Focused ultrasound surgery

This is a non-invasive procedure where ultrasound waves are used to destroy fibroid tissue and shrink fibroids.


Myomectomy is the surgical removal of fibroids. It may be performed through open abdominal surgery, laparoscopically (through several small incisions in the abdomen), or hysteroscopically (through the vagina and cervix). The type of surgery depends on the size and number of fibroids, and where they are located.


This is the removal of your cervix and uterus. It results in the permanent end of your periods and stops you from being able to get pregnant. If you have your ovaries removed at the same time (bilateral oophorectomy) this will trigger immediate menopause. A hysterectomy is performed under general anaesthetic and requires a stay in hospital

If left untreated heavy periods can lead to problems with your health such as:

Psychological problems

Being unable to participate in normal activities like working and going out can lead to isolation, depression, and stress.

Iron deficiency anaemia

This is a condition where there is not enough iron in your blood. Your body needs iron to make red blood cells. Iron deficiency anaemia is diagnosed with a simple blood test and can be treated with iron supplements.

Symptoms of iron deficiency anaemia include:

  • Extreme tiredness (fatigue)
  • Weakness
  • Pale skin
  • Fast heartbeat
  • Chest pain
  • Shortness of breath
  • Cold hands and feet
  • Brittle nails
  • Sore and inflamed tongue

We answer some of your most commonly asked questions about heavy periods.

Why is my period so heavy this month?

Sometimes your period may be heavier than normal for no apparent reason, or it may be due to underlying factors like hormonal imbalance, uterine polyps, fibroids, or pregnancy complications. The only way to find out for sure what is causing your heavy periods is to get checked out by a doctor. If your periods are heavy or have suddenly become heavier, make an appointment with a doctor.

How do you stop heavy periods?

How to stop heavy periods depends on the cause. Your doctor will run some tests to find out what is causing your heavy periods and recommend treatment depending on your diagnosis, whether or not you want to have children in the future and how much your heavy period is affecting your life. Treatments include medications to correct hormonal imbalances and reduce bleeding and surgery to remove fibroids, polyps, or the lining of your womb.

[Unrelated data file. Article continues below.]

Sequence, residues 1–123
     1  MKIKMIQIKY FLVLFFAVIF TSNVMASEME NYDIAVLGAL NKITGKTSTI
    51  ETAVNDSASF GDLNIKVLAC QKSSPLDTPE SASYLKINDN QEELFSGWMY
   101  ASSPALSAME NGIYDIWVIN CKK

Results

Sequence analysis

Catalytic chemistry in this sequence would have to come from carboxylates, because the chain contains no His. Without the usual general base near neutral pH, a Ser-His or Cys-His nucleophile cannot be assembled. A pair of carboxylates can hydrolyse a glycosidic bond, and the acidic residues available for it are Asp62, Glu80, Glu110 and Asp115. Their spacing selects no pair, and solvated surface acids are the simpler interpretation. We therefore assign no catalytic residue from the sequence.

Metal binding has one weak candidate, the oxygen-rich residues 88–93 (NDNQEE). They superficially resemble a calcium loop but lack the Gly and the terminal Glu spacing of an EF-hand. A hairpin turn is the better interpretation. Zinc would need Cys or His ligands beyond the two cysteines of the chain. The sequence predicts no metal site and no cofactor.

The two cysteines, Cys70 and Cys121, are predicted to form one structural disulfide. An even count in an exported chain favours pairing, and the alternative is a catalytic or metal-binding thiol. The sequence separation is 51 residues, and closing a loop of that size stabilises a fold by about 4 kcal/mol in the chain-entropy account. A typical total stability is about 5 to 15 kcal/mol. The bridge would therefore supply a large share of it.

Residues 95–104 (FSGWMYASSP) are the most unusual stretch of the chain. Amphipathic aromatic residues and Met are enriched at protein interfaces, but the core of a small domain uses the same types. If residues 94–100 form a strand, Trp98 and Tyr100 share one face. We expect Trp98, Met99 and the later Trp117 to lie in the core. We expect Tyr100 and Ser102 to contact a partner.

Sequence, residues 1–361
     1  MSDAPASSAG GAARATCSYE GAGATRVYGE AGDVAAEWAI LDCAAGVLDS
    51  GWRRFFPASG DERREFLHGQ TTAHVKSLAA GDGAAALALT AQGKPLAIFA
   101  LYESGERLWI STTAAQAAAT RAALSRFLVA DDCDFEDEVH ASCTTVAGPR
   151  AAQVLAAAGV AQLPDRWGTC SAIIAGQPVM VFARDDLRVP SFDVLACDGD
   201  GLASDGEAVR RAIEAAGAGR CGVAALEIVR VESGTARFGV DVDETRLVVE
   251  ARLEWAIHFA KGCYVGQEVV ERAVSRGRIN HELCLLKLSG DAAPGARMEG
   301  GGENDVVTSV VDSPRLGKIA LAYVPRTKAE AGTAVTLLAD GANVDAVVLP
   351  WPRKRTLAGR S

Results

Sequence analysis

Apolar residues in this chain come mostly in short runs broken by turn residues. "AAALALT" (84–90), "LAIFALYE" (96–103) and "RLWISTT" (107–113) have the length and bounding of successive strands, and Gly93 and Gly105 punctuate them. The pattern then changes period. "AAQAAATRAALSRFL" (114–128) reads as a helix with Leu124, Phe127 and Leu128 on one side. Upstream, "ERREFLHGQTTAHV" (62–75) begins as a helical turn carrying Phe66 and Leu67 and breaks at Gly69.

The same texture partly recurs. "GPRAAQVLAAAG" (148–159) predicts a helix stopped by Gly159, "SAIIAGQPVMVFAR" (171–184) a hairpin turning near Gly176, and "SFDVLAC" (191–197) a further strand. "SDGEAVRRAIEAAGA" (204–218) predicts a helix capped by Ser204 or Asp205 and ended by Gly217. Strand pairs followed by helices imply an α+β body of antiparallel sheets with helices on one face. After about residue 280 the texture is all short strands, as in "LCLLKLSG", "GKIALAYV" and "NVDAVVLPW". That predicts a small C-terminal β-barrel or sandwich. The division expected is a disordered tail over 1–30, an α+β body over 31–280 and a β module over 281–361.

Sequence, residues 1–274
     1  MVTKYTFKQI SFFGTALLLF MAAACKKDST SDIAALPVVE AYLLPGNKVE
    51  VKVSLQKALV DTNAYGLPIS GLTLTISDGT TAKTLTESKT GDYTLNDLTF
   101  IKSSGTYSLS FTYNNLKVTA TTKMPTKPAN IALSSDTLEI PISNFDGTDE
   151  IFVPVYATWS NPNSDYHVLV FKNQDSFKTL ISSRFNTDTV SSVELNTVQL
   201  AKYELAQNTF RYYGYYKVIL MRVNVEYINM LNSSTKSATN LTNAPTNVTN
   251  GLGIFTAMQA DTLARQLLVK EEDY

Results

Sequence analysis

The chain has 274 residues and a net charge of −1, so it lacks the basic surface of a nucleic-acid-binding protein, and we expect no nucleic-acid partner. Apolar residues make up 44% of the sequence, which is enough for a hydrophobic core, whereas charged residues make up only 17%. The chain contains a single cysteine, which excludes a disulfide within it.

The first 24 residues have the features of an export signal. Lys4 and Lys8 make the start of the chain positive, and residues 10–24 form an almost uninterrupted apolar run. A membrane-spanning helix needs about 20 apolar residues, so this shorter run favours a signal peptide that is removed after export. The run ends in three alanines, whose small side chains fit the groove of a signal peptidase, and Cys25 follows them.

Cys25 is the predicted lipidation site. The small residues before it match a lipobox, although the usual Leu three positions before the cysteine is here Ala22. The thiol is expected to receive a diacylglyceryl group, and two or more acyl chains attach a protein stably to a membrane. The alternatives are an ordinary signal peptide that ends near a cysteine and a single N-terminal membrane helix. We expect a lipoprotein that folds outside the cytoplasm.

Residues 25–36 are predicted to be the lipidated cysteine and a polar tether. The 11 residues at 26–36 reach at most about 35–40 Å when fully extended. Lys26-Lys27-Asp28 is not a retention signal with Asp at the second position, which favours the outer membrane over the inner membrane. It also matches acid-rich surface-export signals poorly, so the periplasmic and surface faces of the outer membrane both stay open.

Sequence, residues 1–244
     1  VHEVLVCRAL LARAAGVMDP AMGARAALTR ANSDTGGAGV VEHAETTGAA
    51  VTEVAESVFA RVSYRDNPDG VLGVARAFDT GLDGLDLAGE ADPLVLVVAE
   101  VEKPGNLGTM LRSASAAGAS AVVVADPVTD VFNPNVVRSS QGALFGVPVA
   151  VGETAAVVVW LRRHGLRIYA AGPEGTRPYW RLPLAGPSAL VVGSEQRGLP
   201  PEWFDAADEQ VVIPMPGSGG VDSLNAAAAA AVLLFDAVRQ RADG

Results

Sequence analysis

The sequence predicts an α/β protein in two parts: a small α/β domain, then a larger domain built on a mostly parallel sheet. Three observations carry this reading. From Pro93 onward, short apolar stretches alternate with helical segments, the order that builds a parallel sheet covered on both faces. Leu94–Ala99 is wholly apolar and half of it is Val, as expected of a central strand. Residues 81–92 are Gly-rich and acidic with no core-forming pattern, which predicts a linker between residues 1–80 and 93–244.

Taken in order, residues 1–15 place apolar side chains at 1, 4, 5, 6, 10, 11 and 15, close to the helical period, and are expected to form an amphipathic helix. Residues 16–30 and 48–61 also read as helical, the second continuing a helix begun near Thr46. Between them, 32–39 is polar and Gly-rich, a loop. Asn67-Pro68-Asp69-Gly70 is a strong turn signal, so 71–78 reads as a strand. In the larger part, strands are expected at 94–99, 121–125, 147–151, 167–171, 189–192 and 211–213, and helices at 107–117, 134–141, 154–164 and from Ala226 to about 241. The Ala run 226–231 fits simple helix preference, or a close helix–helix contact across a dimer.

Can you have a heavy period and still be pregnant?

It isn't possible to have a period when you are pregnant. Bleeding or spotting during pregnancy is caused by something other than your period and may be a sign that something is wrong with the pregnancy. If you experience bleeding or spotting at any stage of your pregnancy, seek immediate medical attention.

Can heavy periods cause anaemia?

Yes. If you lose a lot of blood during your period it can cause a condition called iron deficiency anaemia. Symptoms include fatigue, weakness, and shortness of breath. Your doctor can check whether you have iron deficiency anaemia with a blood test. The condition is treated with iron supplements.

Can stress cause heavy periods?

When we are stressed we release stress hormones such as cortisol that may disrupt our levels of reproductive hormones and impact our menstrual cycle. One study1 found a link between high levels of stress and an increase in symptoms of premenstrual syndrome (PMS), amenorrhea, (absence of periods), and dysmenorrhea (period pain). More research is needed to say for sure whether stress can be a cause of heavy periods.

At Circle Health Group we have the experience and expertise to ensure the best possible care and outcome for our patients. As a patient with Circle Health Group you can expect the highest standards of care including:

  • Flexible appointment times and locations that are convenient for you
  • The freedom to choose which hospital and consultant best suit your needs
  • Personalised, consultant-led treatment plans tailored to your individual needs
  • Comfortable and safe private facilities maintained by expert multidisciplinary teams
  • Private ensuite rooms as standard
  • A range of delicious healthy meals
  • Affordable, fixed-price packages with aftercare included
  • Flexible payment options to help you spread the cost of your care

If you would like to see a consultant or learn more about treatment for heavy periods, book your appointment online today or call a member of our team directly on 0141 300 5009.

Content reviewed by Circle in-house team in December 2022. Next review due December 2025.

  1. Menorrhagia (heavy menstrual bleeding), Mayo Clinic
  2. Heavy Menstrual Bleeding, Centers for Disease Control and Prevention
  3. Heavy periods (heavy menstrual bleeding) , NHS Inform
  4. Heavy periods, NHS
  5. Prevalence of menstrual problems and their association with psychological stress in young female students studying health sciences, PubMed